An Everyday Guide To Portion Control
Portion control can help you achieve your healthy eating goals if you are trying to lead a healthier, more balanced lifestyle. It is important for making healthy eating choices that will provide you with energy to fuel your workouts and nutrients to help you feel and function at your best!
What is portion control?
According to the National Institute of Diabetes and Digestive and Kidney Diseases in the US, how much you eat is just as important as what you eat. Portion control is a great way to make sure you’re eating enough nutritious food — and aren’t overeating — while helping you reach your health and fitness goals.
Understanding portions means knowing how much to eat to feel satisfied and stay energised until your next meal. It’s different to a “serving” or “serving size”, which is the recommended amount of a specific food you should eat (more on this later).
When you become familiar with the correct portion size for you and your goals, you won’t need to measure your food servings at each meal — it takes practice, but eating the right amount will eventually become part of your daily habits.
Does portion control mean counting calories?
No! For some, when it comes to managing portion sizes, counting calories may help to support specific health and fitness goals (such as building muscle), but for most people, it isn’t necessary.
Instead, focusing on eating a balanced diet containing a range of carbohydrates, proteins and healthy fats is an effective way to ensure you are eating the right types, and amount, of foods.
According to Australia’s Heart Foundation, how much you eat, or your food portions, also contributes to eating well for your heart. Healthy food proportions can be measured out on your plate as a rough guide. Ideally, a portion-controlled plate will include the following food groups:
- Around half of your plate should be filled with vegetables and salad
- One quarter should contain good quality protein
- The remaining quarter should contain complex carbohydrates and a small serving of healthy fats.
If you’re a member of Sweat, your daily meal plan follows the Australian Guide to Healthy Eating. This guide is based on the best available scientific evidence from around the world! Our recipes have been developed by a team of nutrition specialists, in consultation with the Sweat trainers, and are designed to provide you with nutritious foods each day from the five main food groups.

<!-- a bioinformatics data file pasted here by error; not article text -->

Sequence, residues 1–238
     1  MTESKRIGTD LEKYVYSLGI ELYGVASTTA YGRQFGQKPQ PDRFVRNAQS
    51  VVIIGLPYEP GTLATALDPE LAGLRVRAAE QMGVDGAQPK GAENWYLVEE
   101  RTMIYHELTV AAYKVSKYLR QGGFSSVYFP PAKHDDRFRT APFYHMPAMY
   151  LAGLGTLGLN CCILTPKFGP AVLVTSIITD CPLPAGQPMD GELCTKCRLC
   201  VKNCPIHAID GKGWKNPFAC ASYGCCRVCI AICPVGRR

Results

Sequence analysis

Remember flexibility is important in a sustainable approach to healthy eating — some days you will have more serves from a particular food group and other days you might have less. It helps to look at what you’re eating over a whole week, rather than a day or two.
How to figure out your correct portion sizes
Now you know how to portion your plate, the next step is to work out your portion sizes.
As mentioned earlier, a “serving size” can be defined as a measurement of different foods that have roughly the same amount of nutrients and energy. The serving size can be found on the Nutrition Facts label on most packaged foods.
A portion is the amount of food you eat for a meal or snack and will typically depend on how hungry you are or the type of meal you are eating.
For example, as stated by the Australian Government's Department of Health, a serving of grains is one slice of bread. If you’re eating a sandwich for lunch, you might have two slices, or two servings, of bread — this is your portion size.
Your ideal portion size will depend on a range of lifestyle factors including how active you are, and your health and fitness goals. Most countries have a set of defined Dietary Guidelines you can follow, including the Dietary Guidelines for Americans, The Eatwell Guide in the UK and the Australian Dietary Guidelines.